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Does Meniere's eventually fade away?

My doctor tells me that I’m in the latter stages of Meniere’s disease/MAV – I’m 10 ears in. The symptoms are indeed less egregious now than before but it’s still bad enough to ruin the quality of my life.

So, is it true that this disease really can just fade away over time? Has anyone had this experience? Is this a false hope?

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Hey Ken. This is a tricky one.

As you know we don’t have a lot of Meniere’s sufferers here. But perhaps the one or two will chime in.

Just my two cents:

  1. I’ve heard that to be the case too.

  2. it may depend on the root cause and ‘type’ of Meniere’s.

I for one have had both MAV diagnoses but also alternatively ‘Secondary Hydrops’. Some doctors consider that a kind of Meniere’s (it shares the endolymphatic Hydrops element), but the symptoms appear to be identical to MAV.

In any case my doctor told me that it does indeed burn out. ie the Hydrops fades. That’s certainly been my experience: I no longer have vestibular attacks or issues with my balance. Just the auditory symptoms remain.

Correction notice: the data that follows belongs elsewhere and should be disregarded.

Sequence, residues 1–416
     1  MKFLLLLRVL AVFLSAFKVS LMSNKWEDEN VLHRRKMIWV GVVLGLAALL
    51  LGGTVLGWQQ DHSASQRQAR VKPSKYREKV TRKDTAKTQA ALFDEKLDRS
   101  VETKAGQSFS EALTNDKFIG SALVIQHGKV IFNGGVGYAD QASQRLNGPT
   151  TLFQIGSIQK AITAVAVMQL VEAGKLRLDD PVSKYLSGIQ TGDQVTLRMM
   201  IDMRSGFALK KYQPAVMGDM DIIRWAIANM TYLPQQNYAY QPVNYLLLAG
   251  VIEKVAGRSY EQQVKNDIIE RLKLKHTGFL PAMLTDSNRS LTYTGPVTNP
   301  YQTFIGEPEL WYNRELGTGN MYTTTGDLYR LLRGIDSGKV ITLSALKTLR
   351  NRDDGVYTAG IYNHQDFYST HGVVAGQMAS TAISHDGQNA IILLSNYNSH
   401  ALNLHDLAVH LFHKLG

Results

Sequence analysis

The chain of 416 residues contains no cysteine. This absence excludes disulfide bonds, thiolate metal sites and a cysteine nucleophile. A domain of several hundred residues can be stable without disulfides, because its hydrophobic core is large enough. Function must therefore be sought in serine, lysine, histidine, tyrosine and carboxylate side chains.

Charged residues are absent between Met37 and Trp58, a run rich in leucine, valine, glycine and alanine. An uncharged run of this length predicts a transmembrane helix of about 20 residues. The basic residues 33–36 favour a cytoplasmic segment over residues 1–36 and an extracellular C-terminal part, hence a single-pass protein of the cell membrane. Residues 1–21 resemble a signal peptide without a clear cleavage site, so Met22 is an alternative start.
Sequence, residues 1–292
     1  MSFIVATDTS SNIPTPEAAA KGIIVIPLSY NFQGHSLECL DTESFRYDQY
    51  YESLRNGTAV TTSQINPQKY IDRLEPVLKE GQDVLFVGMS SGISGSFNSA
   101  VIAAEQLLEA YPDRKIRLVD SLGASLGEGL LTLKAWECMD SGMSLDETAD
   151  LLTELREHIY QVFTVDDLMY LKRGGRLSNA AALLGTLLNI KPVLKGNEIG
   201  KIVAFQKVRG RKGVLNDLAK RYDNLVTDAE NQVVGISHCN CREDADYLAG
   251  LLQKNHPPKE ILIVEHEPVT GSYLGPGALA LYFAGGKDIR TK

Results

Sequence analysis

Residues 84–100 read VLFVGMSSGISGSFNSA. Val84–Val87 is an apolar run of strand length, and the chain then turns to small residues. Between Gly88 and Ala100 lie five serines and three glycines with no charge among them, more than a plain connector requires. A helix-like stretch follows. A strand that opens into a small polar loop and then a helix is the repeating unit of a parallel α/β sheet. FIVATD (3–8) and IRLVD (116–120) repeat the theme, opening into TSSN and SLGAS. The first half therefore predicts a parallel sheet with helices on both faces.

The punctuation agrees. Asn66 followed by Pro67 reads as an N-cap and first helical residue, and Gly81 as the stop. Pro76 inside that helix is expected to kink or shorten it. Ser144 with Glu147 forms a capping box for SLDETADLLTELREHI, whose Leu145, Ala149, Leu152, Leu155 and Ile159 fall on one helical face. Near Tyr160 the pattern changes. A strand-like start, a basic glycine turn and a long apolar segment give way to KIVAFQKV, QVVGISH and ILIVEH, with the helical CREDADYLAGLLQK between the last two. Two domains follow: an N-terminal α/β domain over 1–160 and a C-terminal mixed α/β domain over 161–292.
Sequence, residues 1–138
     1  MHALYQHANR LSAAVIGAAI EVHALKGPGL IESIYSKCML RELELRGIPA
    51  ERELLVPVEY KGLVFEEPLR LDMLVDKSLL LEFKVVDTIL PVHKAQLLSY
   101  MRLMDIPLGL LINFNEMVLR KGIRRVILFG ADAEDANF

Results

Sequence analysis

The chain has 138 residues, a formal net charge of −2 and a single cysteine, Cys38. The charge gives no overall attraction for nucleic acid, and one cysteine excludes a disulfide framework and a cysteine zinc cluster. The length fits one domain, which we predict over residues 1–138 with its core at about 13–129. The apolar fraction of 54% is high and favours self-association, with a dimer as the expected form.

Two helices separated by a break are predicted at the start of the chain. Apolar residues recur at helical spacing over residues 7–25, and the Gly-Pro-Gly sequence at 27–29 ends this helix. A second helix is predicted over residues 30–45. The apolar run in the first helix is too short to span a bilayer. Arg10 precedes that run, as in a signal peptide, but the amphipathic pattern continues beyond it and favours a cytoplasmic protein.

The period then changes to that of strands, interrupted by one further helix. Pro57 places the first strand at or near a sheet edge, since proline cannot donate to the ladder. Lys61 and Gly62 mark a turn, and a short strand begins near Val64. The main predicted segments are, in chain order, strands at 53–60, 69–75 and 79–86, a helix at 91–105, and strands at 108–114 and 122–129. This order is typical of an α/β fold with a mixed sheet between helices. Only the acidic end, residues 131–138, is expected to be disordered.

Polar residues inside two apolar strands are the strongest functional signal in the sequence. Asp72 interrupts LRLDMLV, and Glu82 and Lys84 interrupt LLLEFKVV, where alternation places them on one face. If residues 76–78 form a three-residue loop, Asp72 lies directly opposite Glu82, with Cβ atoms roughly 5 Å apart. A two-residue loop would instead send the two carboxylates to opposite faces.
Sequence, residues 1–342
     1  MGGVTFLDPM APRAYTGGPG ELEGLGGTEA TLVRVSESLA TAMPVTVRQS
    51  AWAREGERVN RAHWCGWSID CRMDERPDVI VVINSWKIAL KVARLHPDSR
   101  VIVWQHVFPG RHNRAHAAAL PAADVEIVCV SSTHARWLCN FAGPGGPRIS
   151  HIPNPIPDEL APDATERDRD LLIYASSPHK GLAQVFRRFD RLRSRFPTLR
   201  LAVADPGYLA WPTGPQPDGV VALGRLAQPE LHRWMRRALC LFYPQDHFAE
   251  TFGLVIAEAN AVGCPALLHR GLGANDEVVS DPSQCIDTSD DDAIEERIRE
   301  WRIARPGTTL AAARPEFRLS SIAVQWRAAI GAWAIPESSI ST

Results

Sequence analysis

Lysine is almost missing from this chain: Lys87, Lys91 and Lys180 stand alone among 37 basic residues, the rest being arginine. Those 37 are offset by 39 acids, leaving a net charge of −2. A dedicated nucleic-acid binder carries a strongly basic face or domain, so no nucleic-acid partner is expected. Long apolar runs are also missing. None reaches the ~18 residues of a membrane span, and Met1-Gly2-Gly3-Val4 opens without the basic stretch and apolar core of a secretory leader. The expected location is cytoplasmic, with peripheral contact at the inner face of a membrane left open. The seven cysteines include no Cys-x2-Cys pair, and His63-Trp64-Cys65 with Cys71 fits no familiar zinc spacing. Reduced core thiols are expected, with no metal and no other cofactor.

It is frustrating how usually doctors are unable to be definitive. But on this occasion this doctor was quite adamant.

I would go with how things have gone so far: if it has eased significantly then I see no reason why it won’t continue to do so?

Btw, looking back at your post history you seem to be discussing vestibular migraine: did your diagnosis change? If so how come? What has happened since? Did you get another opinion?


To be honest, I’m not sure I believe my doctors - each of whom has diagnosed me differently. One says its Meniere’s, the other vestibular migraine, and another something else. The impression I had is that these all more or less come under the general rubric of Meniere’s. *I would note that I’ve been living in Asia for man years and doctors here may not be as familiar with these conditions as in some western countries. It’s clear that I may have to spend a lot more time here trying to identify what it is I actually have.